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By
Jorgensen, Terrence D.; GarnierVillarreal, Mauricio; Pornprasermanit, Sunthud; Lee, Jaehoon
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1 Citations
We simulated Bayesian CFA models to investigate the power of PPP to detect model misspecification by manipulating sample size, strongly and weakly informative priors for nontarget parameters, degree of misspecification, and whether data were generated and analyzed as normal or ordinal. Rejection rates indicate that PPP lacks power to reject an inappropriate model unless priors are unrealistically restrictive (essentially equivalent to fixing nontarget parameters to zero) and both sample size and misspecification are quite large. We suggest researchers evaluate global fit without priors for nontarget parameters, then search for neglected parameters if PPP indicates poor fit.
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By
Chino, Naohito
10 Citations
A brief review is made of a body of extant asymmetric MDS models and methods, given a onemode, twoway asymmetric square relational data matrix whose elements are similarity or dissimilarity measures between objects, or a special twomode, threeway asymmetric relational data matrix which is composed of onemode, twoway asymmetric square relational data matrices, and several open problems are discussed.
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By
O'Neill, Philip D.
7 Citations
The ReedFrost epidemic model is a simple stochastic process with parameter q that describes the spread of an infectious disease among a closed population. Given data on the final outcome of an epidemic, it is possible to perform Bayesian inference for q using a simple Gibbs sampler algorithm. In this paper it is illustrated that by choosing latent variables appropriately, certain monotonicity properties hold which facilitate the use of a perfect simulation algorithm. The methods are applied to real data.
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By
Kashiwagi, Nobuhisa
5 Citations
A Bayesian solution is given to the problem of making inferences about an unknown number of structural changes in a sequence of observations. Inferences are based on the posterior distribution of the number of change points and on the posterior probabilities of possible change points. Detailed analyses are given for binomial data and some regression problems, and numerical illustrations are provided. In addition, an approximation procedure to compute the posterior probabilities is presented.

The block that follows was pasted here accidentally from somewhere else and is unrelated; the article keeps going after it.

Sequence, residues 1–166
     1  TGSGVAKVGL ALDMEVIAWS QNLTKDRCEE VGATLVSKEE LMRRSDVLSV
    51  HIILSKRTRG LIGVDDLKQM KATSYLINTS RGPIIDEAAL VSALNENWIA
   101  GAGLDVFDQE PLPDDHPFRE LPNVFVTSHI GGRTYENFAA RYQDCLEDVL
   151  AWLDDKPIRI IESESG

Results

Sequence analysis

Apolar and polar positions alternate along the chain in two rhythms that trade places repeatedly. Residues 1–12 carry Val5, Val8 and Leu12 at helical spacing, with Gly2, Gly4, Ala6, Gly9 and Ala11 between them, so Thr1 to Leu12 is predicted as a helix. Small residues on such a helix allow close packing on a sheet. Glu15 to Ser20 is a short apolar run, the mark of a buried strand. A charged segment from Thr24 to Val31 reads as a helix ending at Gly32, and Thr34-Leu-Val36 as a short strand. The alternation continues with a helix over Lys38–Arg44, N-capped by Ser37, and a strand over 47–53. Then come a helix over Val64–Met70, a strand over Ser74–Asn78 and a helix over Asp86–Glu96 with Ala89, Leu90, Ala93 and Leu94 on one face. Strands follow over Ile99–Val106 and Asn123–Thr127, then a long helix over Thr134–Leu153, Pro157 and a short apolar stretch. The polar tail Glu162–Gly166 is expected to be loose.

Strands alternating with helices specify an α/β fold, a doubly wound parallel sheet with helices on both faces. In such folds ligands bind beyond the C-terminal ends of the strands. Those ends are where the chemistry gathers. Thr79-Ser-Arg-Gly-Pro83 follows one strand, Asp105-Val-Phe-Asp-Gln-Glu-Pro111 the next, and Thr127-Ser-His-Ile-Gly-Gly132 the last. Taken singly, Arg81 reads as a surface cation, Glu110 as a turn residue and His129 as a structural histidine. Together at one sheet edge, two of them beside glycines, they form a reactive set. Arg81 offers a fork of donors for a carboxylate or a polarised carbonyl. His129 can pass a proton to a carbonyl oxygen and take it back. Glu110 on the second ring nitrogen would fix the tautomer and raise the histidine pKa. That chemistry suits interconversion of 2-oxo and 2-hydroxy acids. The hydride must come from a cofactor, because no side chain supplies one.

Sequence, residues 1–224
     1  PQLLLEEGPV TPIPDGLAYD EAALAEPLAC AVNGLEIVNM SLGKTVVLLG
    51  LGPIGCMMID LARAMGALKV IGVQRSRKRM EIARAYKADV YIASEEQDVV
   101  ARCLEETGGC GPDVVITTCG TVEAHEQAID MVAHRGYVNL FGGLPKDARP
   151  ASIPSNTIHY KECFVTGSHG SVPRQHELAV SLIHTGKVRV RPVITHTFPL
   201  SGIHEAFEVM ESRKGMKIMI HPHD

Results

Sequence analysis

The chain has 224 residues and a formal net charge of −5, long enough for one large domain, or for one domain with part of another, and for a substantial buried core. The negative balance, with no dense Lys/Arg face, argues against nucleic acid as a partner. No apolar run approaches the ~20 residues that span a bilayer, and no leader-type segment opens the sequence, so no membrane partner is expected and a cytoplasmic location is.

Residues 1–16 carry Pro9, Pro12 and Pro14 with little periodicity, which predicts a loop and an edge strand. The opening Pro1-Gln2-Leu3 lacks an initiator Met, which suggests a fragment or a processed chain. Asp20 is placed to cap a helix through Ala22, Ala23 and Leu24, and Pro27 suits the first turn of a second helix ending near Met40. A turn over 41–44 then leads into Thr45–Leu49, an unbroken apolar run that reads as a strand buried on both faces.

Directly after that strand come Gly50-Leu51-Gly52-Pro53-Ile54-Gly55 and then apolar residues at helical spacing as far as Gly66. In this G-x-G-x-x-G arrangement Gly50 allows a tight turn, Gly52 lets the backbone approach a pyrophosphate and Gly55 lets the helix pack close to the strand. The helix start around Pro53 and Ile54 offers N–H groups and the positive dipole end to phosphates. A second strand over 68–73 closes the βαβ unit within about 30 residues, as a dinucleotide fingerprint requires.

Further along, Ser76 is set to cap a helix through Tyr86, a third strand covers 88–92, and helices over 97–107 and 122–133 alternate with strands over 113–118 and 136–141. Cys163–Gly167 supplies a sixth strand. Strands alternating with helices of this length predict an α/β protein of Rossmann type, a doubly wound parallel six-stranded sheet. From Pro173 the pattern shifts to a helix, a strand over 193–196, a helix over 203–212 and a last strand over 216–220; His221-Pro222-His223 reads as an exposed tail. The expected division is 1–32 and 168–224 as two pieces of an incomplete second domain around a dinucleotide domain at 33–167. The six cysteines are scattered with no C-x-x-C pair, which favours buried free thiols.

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By
Christianson, Annette; Sivaganesan, Siva
Generalized linear mixed models are commonly used when modeling counts or dichotomous observations on subjects within clusters such as patients in hospitals. When the sample sizes at the cluster levels are large, Bayesian inference about parameters of generalized linear mixed models using Markov Chain Monte Carlo sampling can be computationally slow. Standard large sample approximations can provide reasonable approximation for inference about clusterlevel parameters which are near the “middle” but not necessarily for those parameters away from the middle. We provide an approach to simulating from the posterior distribution that gives better approximation when the sample sizes at the cluster levels are large and a multivariate normal prior or the default flat prior is used.
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By
Li, Lingge ; Holbrook, Andrew; Shahbaba, Babak; Baldi, Pierre
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Hamiltonian Monte Carlo is a widely used algorithm for sampling from posterior distributions of complex Bayesian models. It can efficiently explore highdimensional parameter spaces guided by simulated Hamiltonian flows. However, the algorithm requires repeated gradient calculations, and these computations become increasingly burdensome as data sets scale. We present a method to substantially reduce the computation burden by using a neural network to approximate the gradient. First, we prove that the proposed method still maintains convergence to the true distribution though the approximated gradient no longer comes from a Hamiltonian system. Second, we conduct experiments on synthetic examples and real data to validate the proposed method.
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By